If you’ve suddenly developed back pain (AKA acute back pain), a muscle sprain or strain is likely to blame. By contrast, pain that develops over time is more often the result of degenerative or inflammatory conditions, including arthritis. So, if you’re struggling with back pain seemingly out of the blue, don’t panic unless it is accompanied by fever, weakness, or swelling. Read on to learn about how even innocuous activities can lead to tight muscles and back pain.
What Causes Tight Muscles?
Tight or stiff muscles are incredibly common. Though they may result from underlying inflammatory conditions, in many cases, tight muscles develop after a period of inactivity, followed by activity. Anyone who has ever returned to the gym after time away knows that the aches and pains the following day are perfectly normal. Likewise, adding a new type of exercise to your regimen can create stiff, tight muscles.
Stiff muscles after a return to activities will typically resolve on their own in a couple of days. However, suppose you’re experiencing tight muscles after a known injury, such as twisting your ankle or falling. In that case, you should seek medical treatment to ensure you haven’t experienced a serious strain or sprain of muscles or ligaments.
But tight muscles don’t always result from strenuous activity. Sleeping in an awkward position, sitting too long at your desk, engaging in repetitive movement, failing to drink enough water, an imbalance of vitamins and nutrients, and some medications can cause stiff muscles.
Tight Muscles Throughout the Body Can Cause Back Pain
Tight muscles are the leading culprit behind the sudden onset of back pain. However, the specific muscles responsible for your back pain may be elsewhere in your body.
It may seem strange, but tight hamstring muscles in the thighs can cause back pain. When muscles are tight or stiff, they contract, making them shorter. In the case of hamstrings, this can affect the alignment of your spine and pelvis leading to lumbar (lower back) pain.
When the muscles in your hip that make it possible to lift your thigh become tight, it can lead to pressure on the spine. Simple, at-home stretches recommended by your physician can often help alleviate this pain.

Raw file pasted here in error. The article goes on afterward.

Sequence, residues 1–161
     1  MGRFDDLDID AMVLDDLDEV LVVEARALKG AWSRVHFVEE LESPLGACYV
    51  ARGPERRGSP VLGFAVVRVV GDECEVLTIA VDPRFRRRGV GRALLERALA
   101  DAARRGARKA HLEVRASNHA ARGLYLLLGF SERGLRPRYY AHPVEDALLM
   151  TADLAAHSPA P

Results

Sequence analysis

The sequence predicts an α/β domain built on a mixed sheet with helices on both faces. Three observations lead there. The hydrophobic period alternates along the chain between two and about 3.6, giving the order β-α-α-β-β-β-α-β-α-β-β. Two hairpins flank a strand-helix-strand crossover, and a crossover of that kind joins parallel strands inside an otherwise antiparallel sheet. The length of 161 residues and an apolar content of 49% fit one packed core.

If you experience tight muscles in the rotator cuff, which attach your shoulder blade to your arm, the pain may spread to the upper back.
Strains to the trapezius (neck muscle) are so common that they’ve been dubbed “tech neck” and “text neck.” These strains stem from repetitive strain on the neck muscles caused by leaning the neck forward to look at your phone, tablet, or computer screen. Tightness in the trapezius may spread to the upper back causing pain.
The muscles on either side of your waist are the obliques. Frequent bending, twisting, or turning can cause tightness in the obliques that can cause back pain.
How Long Should I Wait to See a Doctor for Back Pain?
Back pain is extraordinarily common. The overwhelming majority of people will experience back pain at some point in their lives. Tight muscles often relax with time, proper hydration, and with slow, measured stretching exercises.
However, if you’re still experiencing stiffness and tightness in your back after a week or more, schedule an appointment with your physician. They may need to refer you to the appropriate specialist for treatment and pain relief.
Chronic Back Pain: Get Help from the Pain Specialists in Portsmouth, NH
The American Pain Institute in Portsmouth, New Hampshire, is a technologically advanced pain management practice serving patients from Exeter, Greenland, Hampton and surrounding communities. We specialize in innovative, non-surgical treatments for chronic pain. To schedule your appointment, call 603-766-8500 or send us a message.